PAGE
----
Illumina, Bio-Rad to roll out single-cell genome sequencing tool

Single-cell genome analysis allows researchers to better understand how individual cells work in heterogeneous cell populations. Image: Illumina

One year ago, Illumina announced it was teaming up with Bio-Rad Laboratories to develop a next-generation sequencing solution for single-cell analysis. The pair debuted the tool, which can help researchers create better models of disease, on Monday at the J.P. Morgan Healthcare Conference.

The partnership sought to enable high-throughput sequencing of vast numbers of individual cells, which has traditionally been challenging, expensive and time-consuming. The newly launched Illumina Bio-Rad Single-Cell Sequencing Solution is the first tool of its kind, allowing researchers to examine how single cells contribute to tissue function, disease progression and therapeutic response, according to a statement.

Traditional genomic analysis uses bulk samples of cells and averages gene expression over a population of cells. It is unable to assess the contribution of an individual cell in a complex network, said Kevin Taylor, senior manager, market development, complex disease at Illumina. Single-cell analysis can identify how individual cells play a role in complex processes in both human development and disease, he said.

“Single-cell genomics provides the opportunity to look at stem cells turning into neurons that are lost in diseases like Parkinson’s and amyotrophic lateral sclerosis (also known as Lou Gehrig's disease) with much higher accuracy,” said Clive Svendsen, director of Cedars-Sinai Board of Governors Regenerative Medicine Institute in Los Angeles, in the statement.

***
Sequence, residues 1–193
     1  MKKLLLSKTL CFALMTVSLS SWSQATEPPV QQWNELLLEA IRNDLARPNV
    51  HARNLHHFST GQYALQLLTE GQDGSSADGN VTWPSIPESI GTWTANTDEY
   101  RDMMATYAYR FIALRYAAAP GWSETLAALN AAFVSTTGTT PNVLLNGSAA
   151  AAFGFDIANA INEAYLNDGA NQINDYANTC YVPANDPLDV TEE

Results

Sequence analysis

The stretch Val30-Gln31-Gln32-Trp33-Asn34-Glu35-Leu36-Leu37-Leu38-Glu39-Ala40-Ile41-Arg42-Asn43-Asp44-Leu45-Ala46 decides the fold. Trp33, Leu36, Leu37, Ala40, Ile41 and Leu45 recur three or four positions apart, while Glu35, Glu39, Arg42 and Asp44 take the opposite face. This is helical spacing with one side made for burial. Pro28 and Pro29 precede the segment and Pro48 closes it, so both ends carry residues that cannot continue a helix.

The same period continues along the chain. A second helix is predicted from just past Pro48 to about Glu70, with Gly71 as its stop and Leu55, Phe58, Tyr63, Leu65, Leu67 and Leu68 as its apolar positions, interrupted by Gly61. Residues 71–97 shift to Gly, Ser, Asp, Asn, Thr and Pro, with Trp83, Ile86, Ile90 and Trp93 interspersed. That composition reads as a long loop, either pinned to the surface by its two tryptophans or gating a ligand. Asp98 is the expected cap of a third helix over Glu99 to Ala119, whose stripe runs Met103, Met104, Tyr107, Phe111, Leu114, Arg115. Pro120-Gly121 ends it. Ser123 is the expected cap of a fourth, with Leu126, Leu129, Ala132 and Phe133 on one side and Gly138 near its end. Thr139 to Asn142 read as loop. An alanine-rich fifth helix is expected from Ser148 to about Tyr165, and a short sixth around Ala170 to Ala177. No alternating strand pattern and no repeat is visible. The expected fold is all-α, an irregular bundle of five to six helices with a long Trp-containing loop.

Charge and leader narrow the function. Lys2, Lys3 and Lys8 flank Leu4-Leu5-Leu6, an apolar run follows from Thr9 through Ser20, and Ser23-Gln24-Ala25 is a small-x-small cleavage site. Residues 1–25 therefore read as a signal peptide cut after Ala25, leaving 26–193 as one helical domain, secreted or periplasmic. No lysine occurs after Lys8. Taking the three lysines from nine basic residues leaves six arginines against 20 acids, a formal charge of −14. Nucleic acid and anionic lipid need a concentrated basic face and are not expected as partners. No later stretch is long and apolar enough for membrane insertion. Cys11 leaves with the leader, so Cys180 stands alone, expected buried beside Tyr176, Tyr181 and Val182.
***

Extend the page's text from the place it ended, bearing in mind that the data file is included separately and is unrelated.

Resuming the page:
The companies expect to start shipping the system next month. It uses Bio-Rad’s droplet partitioning technology to isolate and barcode single cells, which are then sequenced with Illumina’s NGS instruments, the companies said. The solution also includes primary and secondary data analysis conducted on BaseSpace, Illumina’s cloud-based genomics computing environment, and tertiary data analysis and visualization from FlowJo.

“By offering cell biologists access to technologies that make single-cell analysis cost effective and easy to adopt, we hope to enable scientists to advance complex disease research using gene expression insights,” said Rob Brainin, vice president and general manager of applied genomics at Illumina, in the statement. “Our collaboration with Bio-Rad has allowed us to bring this technology to market quickly and empower our customers to unlock the power of the genome to improve human health.”